Brahms had already announced his "retirement" from composition when in the spring of 1894 he played chamber music with the cellist Robert Hausmann and the clarinettist Richard Mühlfeld. This encounter apparently renewed his enthusiasm for Mühlfeld's much admired playing and inspired him to write two clarinet sonatas in the summer of the same year. It remains unclear when exactly Brahms drafted viola parts to his two sonatas. in any case the viola and clarinet versions of the works were first published by Simrock at the same time in 1895. Today there is no doubt about Brahms‘ authorship of the viola parts. They include important differences from the clarinet original in order to do justice to this string instrument.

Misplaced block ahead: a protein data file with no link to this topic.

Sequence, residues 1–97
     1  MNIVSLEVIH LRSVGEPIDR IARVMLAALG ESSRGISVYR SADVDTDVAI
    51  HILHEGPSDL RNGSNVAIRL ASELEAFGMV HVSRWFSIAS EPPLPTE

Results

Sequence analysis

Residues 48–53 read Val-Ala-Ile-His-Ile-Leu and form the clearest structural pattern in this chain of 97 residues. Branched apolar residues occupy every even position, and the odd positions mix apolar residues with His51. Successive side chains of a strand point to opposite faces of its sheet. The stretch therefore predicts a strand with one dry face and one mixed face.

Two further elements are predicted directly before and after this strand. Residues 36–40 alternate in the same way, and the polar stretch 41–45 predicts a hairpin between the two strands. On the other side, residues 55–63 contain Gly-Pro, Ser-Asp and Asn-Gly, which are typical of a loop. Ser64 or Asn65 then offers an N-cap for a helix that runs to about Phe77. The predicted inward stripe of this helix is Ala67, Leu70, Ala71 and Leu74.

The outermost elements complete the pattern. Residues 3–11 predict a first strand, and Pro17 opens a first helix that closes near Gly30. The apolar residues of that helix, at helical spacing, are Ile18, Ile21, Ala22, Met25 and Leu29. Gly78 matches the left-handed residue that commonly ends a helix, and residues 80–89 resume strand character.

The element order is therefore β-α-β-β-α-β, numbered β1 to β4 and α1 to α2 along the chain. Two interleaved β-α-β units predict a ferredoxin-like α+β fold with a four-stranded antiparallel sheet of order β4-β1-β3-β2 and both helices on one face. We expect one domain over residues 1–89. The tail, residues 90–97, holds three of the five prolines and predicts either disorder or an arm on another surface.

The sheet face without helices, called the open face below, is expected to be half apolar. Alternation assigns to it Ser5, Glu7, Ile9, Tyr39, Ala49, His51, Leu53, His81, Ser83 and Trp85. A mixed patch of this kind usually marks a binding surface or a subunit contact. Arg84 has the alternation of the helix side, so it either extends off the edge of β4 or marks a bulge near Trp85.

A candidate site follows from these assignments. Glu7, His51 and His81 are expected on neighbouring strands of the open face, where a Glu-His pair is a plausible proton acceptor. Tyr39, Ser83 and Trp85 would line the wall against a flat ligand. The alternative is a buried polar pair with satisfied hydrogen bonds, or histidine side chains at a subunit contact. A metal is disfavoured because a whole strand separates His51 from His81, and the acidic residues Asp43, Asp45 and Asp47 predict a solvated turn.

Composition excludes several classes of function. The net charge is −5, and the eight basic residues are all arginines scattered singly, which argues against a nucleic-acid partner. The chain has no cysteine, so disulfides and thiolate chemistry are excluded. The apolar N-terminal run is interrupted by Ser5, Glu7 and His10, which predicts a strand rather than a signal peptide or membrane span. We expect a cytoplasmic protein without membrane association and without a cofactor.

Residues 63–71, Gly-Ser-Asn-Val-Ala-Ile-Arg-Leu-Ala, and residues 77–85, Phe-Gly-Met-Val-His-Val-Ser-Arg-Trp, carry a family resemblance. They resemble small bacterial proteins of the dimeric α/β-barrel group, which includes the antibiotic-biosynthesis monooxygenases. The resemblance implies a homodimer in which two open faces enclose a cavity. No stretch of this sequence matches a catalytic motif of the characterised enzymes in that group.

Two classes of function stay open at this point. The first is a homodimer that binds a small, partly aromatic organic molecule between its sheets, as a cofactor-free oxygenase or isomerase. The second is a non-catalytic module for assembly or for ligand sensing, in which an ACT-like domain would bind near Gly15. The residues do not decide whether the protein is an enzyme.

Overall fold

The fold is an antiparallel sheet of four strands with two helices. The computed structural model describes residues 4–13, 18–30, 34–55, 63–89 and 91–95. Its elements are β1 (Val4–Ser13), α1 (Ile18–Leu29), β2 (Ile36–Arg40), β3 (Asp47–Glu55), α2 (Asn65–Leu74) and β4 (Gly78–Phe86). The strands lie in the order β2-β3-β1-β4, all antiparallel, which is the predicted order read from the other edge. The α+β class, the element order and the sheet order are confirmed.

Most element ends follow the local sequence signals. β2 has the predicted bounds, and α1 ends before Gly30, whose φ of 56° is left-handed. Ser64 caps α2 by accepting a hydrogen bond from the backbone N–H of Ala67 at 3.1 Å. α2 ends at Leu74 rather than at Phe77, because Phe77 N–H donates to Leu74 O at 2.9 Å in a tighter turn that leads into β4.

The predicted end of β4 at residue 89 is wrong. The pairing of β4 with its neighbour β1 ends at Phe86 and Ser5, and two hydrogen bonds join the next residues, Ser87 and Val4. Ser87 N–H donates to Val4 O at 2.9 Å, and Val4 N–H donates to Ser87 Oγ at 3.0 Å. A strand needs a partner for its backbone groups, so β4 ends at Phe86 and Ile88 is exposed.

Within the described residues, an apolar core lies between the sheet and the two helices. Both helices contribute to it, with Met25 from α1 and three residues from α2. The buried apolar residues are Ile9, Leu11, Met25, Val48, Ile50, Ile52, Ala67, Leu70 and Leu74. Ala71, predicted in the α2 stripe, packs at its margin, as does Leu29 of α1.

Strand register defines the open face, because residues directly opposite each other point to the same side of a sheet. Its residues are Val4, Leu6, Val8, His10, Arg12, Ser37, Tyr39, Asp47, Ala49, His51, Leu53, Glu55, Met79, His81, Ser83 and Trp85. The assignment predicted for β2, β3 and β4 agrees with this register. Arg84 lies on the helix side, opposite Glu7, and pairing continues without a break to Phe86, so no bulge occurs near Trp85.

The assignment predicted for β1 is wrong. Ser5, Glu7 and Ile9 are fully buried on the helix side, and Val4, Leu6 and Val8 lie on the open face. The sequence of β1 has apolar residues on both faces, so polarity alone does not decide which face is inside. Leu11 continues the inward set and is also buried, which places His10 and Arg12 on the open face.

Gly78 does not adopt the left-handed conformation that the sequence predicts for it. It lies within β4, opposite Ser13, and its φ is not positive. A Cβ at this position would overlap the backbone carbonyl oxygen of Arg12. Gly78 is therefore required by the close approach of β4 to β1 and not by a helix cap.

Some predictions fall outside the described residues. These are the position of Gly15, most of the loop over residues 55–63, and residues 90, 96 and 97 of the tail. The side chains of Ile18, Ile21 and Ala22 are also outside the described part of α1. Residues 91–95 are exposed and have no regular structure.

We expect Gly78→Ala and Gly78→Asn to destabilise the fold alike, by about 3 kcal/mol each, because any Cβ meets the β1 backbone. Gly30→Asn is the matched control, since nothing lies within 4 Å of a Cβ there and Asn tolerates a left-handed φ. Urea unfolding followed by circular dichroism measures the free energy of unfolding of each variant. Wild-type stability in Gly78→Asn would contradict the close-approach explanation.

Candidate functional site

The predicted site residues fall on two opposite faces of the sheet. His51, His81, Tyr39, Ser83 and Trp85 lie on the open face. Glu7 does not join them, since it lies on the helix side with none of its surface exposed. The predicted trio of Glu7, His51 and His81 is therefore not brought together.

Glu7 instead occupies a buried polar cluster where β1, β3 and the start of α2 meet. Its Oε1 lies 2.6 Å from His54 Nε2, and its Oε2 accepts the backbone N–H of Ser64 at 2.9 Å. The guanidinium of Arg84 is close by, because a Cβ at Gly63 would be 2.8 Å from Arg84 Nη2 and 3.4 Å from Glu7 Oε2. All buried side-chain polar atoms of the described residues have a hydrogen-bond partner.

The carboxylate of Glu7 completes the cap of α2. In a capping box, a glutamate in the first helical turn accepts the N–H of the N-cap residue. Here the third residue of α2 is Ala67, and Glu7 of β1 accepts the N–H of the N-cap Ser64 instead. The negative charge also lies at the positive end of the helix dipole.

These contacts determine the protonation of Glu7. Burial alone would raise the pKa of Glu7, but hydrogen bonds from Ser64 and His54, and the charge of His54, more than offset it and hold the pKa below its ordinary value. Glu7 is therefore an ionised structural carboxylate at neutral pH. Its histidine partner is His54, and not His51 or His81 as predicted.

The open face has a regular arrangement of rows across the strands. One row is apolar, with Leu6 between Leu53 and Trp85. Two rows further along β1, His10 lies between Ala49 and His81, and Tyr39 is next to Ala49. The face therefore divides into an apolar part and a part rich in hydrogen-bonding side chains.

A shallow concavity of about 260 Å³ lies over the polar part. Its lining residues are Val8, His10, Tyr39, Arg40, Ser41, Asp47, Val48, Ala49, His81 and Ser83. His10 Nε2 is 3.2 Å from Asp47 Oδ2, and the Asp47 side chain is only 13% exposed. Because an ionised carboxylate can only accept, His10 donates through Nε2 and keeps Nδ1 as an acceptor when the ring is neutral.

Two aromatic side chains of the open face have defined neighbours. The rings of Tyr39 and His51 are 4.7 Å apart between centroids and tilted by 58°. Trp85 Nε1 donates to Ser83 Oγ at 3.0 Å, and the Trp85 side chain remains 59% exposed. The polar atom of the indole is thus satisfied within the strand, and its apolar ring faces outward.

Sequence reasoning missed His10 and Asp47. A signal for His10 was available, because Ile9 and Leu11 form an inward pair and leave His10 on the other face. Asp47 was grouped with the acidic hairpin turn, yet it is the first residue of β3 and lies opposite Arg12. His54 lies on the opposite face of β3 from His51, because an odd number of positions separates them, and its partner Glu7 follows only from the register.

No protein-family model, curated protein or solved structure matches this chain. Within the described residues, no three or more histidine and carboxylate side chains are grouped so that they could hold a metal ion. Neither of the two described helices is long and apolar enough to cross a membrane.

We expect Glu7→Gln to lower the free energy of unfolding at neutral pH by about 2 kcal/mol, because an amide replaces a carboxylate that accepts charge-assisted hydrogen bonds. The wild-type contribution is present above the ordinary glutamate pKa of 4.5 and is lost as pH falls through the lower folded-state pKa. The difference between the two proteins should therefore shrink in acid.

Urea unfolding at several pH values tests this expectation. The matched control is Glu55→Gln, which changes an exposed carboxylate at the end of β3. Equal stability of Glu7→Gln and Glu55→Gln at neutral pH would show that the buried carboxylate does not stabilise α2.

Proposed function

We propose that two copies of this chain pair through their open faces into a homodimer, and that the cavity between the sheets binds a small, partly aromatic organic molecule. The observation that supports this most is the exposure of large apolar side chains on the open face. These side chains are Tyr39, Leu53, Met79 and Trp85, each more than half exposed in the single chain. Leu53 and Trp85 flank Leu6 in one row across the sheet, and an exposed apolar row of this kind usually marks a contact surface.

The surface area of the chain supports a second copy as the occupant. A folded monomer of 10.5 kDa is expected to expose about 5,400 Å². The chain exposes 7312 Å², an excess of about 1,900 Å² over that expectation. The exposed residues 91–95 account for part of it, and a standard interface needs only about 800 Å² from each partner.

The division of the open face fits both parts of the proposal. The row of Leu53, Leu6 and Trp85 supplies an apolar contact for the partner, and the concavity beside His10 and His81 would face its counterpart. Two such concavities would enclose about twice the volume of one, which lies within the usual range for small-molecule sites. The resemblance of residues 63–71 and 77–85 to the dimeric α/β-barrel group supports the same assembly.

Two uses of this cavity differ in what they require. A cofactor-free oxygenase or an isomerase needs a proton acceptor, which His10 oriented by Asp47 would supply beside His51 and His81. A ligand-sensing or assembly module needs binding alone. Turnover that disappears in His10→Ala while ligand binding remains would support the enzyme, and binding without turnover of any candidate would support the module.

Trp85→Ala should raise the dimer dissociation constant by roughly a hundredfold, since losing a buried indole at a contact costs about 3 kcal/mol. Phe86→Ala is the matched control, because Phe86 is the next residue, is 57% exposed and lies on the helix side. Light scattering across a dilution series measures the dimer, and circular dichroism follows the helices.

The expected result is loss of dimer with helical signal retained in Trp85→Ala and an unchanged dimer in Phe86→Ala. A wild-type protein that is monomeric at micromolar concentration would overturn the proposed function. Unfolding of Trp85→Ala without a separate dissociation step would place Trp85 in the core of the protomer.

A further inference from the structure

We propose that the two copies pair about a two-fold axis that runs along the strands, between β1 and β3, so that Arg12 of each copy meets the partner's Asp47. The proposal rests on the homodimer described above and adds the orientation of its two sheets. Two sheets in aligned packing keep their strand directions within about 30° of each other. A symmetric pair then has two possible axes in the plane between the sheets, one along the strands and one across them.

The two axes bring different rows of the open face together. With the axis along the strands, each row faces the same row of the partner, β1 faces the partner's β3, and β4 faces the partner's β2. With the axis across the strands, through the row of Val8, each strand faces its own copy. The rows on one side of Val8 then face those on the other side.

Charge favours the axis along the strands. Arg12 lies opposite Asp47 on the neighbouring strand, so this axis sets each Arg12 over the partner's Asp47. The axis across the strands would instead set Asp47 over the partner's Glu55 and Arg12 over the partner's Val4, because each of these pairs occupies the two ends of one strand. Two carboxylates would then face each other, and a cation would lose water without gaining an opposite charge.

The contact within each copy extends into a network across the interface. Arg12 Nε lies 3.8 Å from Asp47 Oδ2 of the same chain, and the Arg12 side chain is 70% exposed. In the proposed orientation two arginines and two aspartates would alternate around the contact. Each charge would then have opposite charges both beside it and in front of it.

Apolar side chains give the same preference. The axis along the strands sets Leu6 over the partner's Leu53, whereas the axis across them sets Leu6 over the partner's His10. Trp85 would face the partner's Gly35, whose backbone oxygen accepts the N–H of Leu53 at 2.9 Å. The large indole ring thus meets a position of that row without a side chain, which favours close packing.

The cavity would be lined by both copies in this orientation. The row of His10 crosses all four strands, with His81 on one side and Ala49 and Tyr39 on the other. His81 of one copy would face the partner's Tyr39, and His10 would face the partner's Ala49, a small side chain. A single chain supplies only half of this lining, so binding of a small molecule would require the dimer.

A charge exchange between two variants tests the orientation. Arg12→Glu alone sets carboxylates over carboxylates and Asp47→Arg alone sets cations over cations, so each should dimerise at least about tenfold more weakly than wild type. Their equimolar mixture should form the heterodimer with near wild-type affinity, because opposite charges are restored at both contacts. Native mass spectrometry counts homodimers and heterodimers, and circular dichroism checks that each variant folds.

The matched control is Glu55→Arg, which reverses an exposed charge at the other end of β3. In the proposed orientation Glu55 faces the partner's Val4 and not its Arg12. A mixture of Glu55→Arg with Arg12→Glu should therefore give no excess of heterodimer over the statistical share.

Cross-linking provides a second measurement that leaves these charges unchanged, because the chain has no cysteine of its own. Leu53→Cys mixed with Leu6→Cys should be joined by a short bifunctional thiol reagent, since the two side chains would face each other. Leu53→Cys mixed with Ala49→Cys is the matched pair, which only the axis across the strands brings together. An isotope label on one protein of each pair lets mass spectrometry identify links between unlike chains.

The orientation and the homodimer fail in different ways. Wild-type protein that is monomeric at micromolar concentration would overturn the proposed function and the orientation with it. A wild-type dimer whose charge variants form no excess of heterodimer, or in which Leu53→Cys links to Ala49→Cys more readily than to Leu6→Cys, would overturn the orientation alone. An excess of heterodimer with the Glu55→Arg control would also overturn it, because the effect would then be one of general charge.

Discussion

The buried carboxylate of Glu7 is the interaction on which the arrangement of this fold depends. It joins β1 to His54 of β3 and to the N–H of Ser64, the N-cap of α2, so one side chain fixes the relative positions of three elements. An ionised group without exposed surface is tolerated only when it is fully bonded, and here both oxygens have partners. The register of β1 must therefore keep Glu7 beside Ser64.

An important part of this edition is the extensive preface. Firstly it informs about the sonatas‘ origins, their compositional process, pre-publication performances, their publication history as well as early reception. Truly remarkable is the unique Performance Practice Commentary. Here the editors start from the premise that already a few decades after Brahms' death, a widening gulf developed between the composer's expectations and the performance practices of the early 20th century. On the basis of manifold sources which include memoirs by pupils and chamber music partners, treatises and essays, early instructive editions and historical recordings, the editors deal with key issues in understanding Brahms' notation. By a section-by-section analysis of rhythm and timing, dynamics and accentuation, dots and strokes, slurring and non legato, piano pedalling and overholding, piano arpeggiation and dislocation, string instrument fingering, string instrument harmonics and vibrato, the editors provide an indispensable assistance for a historically informed interpretation of the works.